Now that September has arrived, I have begun counting down to the television season and series premieres at the end of the month. Will and I are both looking forward to the new show Manifest, and I plan to try the new show A Million Little Things.

Listening To
Though somewhat short - the full season runs just seven episodes - Cover Up by PEOPLE Magazine delves deeply into mystery of what happened at Chappaquiddick, when Senator Ted Kennedy's car went off a bridge, plunged into the waters below, and took with it the life of Mary Jo Kopechne. Though nearly every aspect of this story can be considered disheartening, frustrating, or appalling, I enjoyed this true crime investigation. I plan to follow up the podcast by watching the movie Chappaquiddick, and I hope Cover Up comes out with a second season in the near future!

August and September are tough months for me clothing-wise. I wear mostly workout clothes and swimsuits/cover-ups throughout the summer, but when the kids head back to class and I spend more time in their schools, at dance classes, at soccer practices, and running errands (basically out in public where people will see me), I try to go back to, you know, showering, styling my hair, and wearing clothes that don't have elastic waistbands. Except by this point in the year, I am OVER my summer wardrobe and don't want to wear anything. Anyone else?

So instead I'm talking about glasses...because about a month ago I starting seeing college students wearing the exact same style of glasses I wore in third, fourth, and fifth grade. The trends always cycle back around...even if they shouldn't.

A couple of weeks ago the kids and I rode our bikes to Spoons. The route we take is about 3.5 miles one-way and involves crossing a couple of busy streets, but now that the kids are good (Will)/decent (Hallie) bikers and have high quality bikes (thank you, Grandma and Grandpa), the ride is fairly easy. So easy, in fact, that when we headed out I decided to take only a few dollars to buy our frozen yogurt and left my phone at home because I didn't want to carry it and was certain we wouldn't have any problems.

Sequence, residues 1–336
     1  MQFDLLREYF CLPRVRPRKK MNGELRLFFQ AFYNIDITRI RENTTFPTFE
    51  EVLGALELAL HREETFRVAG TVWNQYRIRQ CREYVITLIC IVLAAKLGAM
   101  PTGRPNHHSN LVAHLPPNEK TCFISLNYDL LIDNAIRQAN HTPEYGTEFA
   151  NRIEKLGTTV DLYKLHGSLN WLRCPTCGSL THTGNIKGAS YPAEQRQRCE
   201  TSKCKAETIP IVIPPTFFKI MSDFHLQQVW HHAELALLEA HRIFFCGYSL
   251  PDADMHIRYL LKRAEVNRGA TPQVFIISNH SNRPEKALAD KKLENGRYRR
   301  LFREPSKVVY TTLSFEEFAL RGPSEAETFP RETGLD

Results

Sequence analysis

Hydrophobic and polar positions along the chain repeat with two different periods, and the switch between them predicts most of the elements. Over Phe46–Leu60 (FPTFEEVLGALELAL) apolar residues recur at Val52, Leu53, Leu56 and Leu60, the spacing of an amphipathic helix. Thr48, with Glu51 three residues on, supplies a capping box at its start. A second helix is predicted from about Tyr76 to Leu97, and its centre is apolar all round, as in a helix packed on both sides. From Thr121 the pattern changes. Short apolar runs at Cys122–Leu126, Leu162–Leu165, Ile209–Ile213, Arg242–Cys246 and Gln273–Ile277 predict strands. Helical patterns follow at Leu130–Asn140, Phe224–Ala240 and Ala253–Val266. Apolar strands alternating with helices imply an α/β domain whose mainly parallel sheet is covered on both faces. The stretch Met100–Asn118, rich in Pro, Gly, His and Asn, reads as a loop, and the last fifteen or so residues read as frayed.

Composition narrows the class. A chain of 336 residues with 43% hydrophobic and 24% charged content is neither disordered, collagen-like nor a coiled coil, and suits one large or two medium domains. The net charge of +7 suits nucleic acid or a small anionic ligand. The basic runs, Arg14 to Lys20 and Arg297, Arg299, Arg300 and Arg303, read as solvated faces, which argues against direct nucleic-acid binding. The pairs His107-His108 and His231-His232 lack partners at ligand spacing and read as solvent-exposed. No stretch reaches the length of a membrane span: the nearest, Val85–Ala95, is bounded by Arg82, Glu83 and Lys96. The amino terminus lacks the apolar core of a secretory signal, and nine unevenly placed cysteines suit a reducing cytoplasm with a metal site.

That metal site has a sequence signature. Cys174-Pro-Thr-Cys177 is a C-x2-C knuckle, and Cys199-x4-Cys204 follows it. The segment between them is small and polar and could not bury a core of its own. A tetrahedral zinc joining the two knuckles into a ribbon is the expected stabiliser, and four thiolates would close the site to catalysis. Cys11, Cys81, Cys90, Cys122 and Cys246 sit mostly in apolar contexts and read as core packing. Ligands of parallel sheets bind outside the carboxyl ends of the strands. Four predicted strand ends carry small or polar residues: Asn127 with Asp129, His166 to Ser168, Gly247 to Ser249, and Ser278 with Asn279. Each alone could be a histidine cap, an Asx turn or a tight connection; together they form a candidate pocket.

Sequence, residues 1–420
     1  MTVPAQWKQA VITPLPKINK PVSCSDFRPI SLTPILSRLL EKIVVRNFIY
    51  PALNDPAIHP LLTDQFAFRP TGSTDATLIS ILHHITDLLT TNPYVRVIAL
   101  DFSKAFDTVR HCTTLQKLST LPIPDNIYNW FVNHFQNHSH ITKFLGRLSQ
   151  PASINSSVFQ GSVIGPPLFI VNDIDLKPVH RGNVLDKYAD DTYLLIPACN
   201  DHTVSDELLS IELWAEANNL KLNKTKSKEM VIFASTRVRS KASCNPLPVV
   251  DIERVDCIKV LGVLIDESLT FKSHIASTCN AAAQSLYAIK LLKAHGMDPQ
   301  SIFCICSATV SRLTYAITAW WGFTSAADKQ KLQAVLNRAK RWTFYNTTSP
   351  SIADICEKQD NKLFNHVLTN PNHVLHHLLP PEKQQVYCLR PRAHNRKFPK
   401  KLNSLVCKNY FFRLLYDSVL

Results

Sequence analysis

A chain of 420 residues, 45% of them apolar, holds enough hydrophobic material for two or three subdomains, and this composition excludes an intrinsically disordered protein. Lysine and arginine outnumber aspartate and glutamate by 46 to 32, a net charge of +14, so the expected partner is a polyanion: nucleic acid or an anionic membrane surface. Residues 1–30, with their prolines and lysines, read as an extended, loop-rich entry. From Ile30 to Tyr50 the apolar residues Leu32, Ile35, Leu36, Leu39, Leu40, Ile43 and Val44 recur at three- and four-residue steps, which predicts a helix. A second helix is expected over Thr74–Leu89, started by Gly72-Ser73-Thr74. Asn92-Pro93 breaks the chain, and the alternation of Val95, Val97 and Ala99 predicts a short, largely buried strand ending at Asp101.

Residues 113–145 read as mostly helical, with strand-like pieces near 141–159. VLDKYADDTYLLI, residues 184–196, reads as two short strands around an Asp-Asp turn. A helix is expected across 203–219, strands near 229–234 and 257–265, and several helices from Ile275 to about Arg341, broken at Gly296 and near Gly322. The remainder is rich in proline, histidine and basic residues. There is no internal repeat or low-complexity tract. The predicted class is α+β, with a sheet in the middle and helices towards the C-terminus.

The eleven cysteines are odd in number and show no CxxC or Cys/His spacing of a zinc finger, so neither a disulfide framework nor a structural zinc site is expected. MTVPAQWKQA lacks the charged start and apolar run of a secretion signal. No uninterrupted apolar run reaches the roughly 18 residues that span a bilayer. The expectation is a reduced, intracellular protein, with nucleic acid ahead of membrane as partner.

After finishing our frozen yogurt we hit the road for home. About three or four blocks from Spoons, I watched as Will - who was 30 yards ahead of me - suddenly went down off the side of his bike. He hadn't crashed, but also hadn't climbed off his bike gracefully. Hallie and I caught up and discovered that his rear tire had completely exploded. Oh, what a time not to have a phone.

I considered all of my options: walking back to Spoons, walking to a friend's house, stopping a stranger, splitting up to ride home, etc. But because 1) Will's bike wouldn't roll AT ALL, 2) Will's bike weighs a ridiculous amount, 3) there was nothing nearby to which we could lock Will's bike, and 4) there were no other people crazy enough to be out walking or biking on that 100+ degree afternoon, I decided my best option was to send Will home and wait with Hallie and Will's bike for Tom to come pick us up. Will's legs weren't long enough to ride my bike (and you need a tool to adjust the seat height), so he had to ride Hallie's pink and purple bike with the seat at the lowest level (again, you need a tool to adjust the seat height) all the way home and across both busy streets by himself.

Meanwhile, I carried Will's bike to a teeny, tiny patch of shade on top of a sewer grate a block away, and then Hallie and I tried not to think about the heat while we wait for the boys to return.

Thankfully Will made it home AND remembered where Hallie and I were waiting. And on Monday evening Tom came home with a smartphone holder for cycling, which will now go with me whenever I ride my bike.

Speaking of phones, I  swapped out my old phone case for this one:

The new case has a few flaws - the finger hook keeps the phone from fitting well into holders and the pants of my pocket - but I love how easy that same finger hook makes carrying the phone. Definitely a worthwhile purchase!

  • I made these Blackened Fish Tacos with Creamy Avocado Sauce almost exactly as the recipe instructs. (My grocery store didn't have purple cabbage so I used regular shredded cabbage instead, and I used flour tortillas instead of corn tortillas as a personal preference.) Tom, Will, and I enjoyed the dish, though Will had a little trouble taking bites of his tacos thanks to his relatively new braces. Hallie, on the other hand, took only the one teeny tiny bite required of her. 
  • I also made this simple, easy Black Bean Fiesta Chicken and Rice Bake, though I adapted the recipe slightly to use cheese only on top (of one side, since Will and Hallie don't like cheese). Prior to baking, I realized this meal would probably freeze well, so the kids ate what they wanted for dinner that night and I froze the rest in an 8 x 8 dish for another day.

Feeling Good About

What's new in your world this month?

Friday, September 7, 2018

High Five for Friday (9.7.18)